Off-Record Work by All Parties on Display in Otherwise Slow Day in SF Court

By Elena Rawlinson. 

SAN FRANCISCO, CA – San Francisco Superior Court Judge Harry Dorfman ruled on several cases involving probation programs and diversion efforts here Friday, but generally it was a slow day in Dept. 21.

But the cases called provided a peek into various ways diversion can play out depending on counsel, the defendant’s behavior, and the given programs a defendant has been advised to participate in during diversion. 

It also showed by trial counsel from both sides, probation and judge can work together.

The first case involved Antonion Hubbes, represented by George Lazarus, who had an extensive off-the-record talk with probation officer Stephanie Speech, Deputy District Attorney Michal Heartman, and Judge Dorfman. 

Speech explained that she had instructed Hubbes to check into HealthRight 360 rehabilitation on Tuesday, and as of Friday, July 9th he had yet to check in. She further explained that he had left several other programs and didn’t seem to take the opportunity presented by probation seriously. She concluded by suggesting that Hobbes be sentenced. 

Judge Dorfman called Lazarus into the conversation to hear his perspective on Hobbes’ situation. 

Lazarus said that he was “rooting for [Hobbes]” and although he didn’t fully understand why Hobbes wasn’t cooperating. He requested that Dorfman give him one more week to try and help Hobbes. This earnest plea for more time was denied by Dorfman, who expressed concern that Hobbes was not interested in taking advantage of probation.

Judge Dorfman further pointed out that Hobbes was ordered present in court unless he was in treatment, which he was not. Dorfman issued a bench warrant.

The second case focused on Don Rose. Once again, the judge initiated an off the record conversation with Public Defender Nikita Saini and DDA Heartman. Dorfman reviewed basic information about Rose—he had been on probation for a long time and had been given ample opportunities to remain in the community and out of prison. 

Despite these opportunities he hadn’t shown commitment to receiving treatment or following through with court ordered diversion programs, the judge observed. Saini agreed that on the surface this record suggested a lack of interest in taking advantage of probation, but she proceeded to offer a more nuanced and contextualized understanding of Rose’s situation. 

Saini first explained that she believed Rose needed some type of structured rehabilitation programing. She recognized that Rose had been given the chance to participate in Jericho rehabilitation, but she explained his lack of participation was an anomaly and not indicative of the apathetic attitude Dorfman feared. 

Rose was expected to enroll in Jericho right after he was released from custody in the early hours of the morning several weeks ago and he had a miscommunication that led to struggles with transportation.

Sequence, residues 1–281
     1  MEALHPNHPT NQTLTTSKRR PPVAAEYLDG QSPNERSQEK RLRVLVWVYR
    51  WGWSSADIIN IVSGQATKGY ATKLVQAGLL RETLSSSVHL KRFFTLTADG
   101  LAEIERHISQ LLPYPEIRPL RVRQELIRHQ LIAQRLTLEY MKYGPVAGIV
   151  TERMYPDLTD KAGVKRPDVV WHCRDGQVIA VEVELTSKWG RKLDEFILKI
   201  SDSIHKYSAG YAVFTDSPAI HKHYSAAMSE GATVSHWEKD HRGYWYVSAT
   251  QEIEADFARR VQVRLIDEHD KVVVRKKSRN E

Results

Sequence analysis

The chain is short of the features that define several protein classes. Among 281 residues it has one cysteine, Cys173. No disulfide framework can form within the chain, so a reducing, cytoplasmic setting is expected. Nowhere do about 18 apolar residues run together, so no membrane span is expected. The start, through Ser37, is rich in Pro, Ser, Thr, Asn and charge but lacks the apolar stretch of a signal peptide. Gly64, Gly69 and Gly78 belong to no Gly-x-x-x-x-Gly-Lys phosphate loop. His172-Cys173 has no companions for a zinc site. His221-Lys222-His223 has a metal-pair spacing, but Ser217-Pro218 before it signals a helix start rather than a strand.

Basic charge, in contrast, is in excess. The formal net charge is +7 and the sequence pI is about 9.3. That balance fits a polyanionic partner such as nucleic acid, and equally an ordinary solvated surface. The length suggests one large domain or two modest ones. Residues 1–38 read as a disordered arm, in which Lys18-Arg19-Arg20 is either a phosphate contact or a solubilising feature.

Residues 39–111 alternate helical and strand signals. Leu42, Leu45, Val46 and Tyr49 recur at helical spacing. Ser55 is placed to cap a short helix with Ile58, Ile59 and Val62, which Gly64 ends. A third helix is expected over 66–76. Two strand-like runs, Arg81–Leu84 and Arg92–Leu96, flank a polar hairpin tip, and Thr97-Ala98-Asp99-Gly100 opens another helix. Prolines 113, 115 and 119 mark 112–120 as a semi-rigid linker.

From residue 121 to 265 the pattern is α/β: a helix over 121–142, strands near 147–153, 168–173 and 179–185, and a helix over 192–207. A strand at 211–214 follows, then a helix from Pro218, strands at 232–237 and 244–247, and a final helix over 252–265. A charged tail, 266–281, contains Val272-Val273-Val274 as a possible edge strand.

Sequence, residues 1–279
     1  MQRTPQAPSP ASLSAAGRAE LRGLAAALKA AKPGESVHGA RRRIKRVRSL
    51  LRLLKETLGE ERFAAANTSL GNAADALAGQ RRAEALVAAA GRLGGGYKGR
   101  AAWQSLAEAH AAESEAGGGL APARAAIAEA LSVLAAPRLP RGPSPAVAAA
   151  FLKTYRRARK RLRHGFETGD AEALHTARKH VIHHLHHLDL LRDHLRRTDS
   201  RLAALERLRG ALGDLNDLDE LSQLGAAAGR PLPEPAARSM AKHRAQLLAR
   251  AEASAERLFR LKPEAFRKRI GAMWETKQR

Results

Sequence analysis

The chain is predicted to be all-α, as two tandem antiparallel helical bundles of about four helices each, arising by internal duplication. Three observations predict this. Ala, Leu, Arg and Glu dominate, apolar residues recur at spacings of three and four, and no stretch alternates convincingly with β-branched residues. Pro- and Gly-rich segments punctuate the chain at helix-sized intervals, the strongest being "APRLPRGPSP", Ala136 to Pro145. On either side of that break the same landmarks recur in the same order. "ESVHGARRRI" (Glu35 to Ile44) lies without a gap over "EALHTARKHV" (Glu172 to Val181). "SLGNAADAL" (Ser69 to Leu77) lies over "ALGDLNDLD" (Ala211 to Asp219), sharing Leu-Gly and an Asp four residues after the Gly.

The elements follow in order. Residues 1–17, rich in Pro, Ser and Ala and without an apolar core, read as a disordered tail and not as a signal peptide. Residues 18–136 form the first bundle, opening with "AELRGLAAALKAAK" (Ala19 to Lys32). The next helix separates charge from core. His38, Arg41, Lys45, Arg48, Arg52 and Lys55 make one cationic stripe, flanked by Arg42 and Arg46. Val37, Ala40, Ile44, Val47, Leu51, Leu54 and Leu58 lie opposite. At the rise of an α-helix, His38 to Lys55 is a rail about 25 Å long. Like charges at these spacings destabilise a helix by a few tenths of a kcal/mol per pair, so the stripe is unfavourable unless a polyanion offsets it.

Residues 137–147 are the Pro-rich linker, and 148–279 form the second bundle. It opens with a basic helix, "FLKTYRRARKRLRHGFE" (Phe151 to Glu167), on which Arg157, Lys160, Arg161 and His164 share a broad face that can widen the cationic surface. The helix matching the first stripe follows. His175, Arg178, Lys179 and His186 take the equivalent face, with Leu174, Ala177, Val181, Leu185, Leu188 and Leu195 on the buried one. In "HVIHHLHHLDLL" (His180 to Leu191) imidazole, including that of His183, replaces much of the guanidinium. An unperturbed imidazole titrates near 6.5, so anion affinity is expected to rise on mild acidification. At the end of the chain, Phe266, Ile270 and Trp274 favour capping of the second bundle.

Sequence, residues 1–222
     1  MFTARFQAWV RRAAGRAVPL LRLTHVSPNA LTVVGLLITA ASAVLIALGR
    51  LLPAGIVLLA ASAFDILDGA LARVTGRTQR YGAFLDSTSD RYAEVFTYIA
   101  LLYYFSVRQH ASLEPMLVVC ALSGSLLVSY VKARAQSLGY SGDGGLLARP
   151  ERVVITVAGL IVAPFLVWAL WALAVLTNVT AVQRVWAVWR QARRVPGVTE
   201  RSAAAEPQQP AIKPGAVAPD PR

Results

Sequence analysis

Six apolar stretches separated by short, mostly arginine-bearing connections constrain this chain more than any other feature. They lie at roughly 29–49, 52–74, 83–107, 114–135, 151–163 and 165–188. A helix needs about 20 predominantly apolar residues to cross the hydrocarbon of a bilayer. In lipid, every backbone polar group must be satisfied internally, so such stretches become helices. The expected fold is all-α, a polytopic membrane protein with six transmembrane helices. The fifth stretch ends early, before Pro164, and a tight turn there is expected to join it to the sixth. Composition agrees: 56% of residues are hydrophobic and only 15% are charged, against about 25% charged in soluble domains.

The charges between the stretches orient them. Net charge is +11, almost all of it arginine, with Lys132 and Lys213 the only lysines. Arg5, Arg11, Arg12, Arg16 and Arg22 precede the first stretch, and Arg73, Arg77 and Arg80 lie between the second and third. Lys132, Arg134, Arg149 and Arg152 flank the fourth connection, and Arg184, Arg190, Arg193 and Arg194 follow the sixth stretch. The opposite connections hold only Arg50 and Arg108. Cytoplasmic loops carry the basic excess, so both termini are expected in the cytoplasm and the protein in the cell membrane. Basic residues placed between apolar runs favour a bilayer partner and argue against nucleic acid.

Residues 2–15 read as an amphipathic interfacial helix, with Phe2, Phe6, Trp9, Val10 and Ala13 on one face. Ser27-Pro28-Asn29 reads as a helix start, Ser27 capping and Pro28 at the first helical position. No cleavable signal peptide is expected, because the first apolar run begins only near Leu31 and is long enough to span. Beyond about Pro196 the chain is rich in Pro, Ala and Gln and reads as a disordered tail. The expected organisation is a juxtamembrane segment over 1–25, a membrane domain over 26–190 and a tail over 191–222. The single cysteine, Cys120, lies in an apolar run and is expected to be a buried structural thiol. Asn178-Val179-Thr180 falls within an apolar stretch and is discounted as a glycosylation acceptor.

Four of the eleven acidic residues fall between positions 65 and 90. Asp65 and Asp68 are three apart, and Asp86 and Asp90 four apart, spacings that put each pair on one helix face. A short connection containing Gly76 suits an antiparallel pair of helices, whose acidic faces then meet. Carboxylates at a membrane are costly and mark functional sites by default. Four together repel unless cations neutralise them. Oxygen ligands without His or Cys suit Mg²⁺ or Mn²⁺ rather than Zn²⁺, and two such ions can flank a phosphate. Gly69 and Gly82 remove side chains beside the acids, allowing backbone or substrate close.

Dorfman responded by highlighting two additional, recent charges that had been brought against Rose. On June 4, Rose allegedly pushed a woman and took her car, and on June 30 he allegedly rode around SF in a stolen vehicle.

Public Defender Saini took an impassioned stand for her client, offering insight into Rose’s life and ambitions. Saini first pointed out that following the June 4 incident, the woman Rose pushed grabbed his backpack, which was later given to police. This backpack was used to ID him, however the police also found paperwork for community college. Rose intended to enroll in classes. 

Saini then drew the group’s attention to Rose’s adolescent struggles. Rose’s mother overdosed on drugs when he was 20 and months later his father committed suicide. After this emotional trauma Rose spiraled. 

PD Saini explained that Rose has never had a support system and he lost all of his family in his early 20s. Saini ultimately requested that Judge Dorfman put in paperwork for a ACMICK evaluation that another judge and potential jury could use to provide more context to their deliberations as they consider whether or not to release Rose from Custody. 

Heartman had no objections, so Dorfman agreed to Saini’s terms. Dorfman submitted his request for the ACMICK evaluation and turned his focus to Rose, who was present and in custody. 

Dorfman implored Rose to work with Saini, whom he lauded as an incredibly talented lawyer. With this send off, PD Saini packed up her things and Rose was escorted back to jail. 

About The Author

Elena Rawlinson is a 12th grader at the Nueva School in San Mateo who is interested in pursuing a career in law. She hopes to improve her communication skills and gain insight into the mechanics of the criminal justice system.

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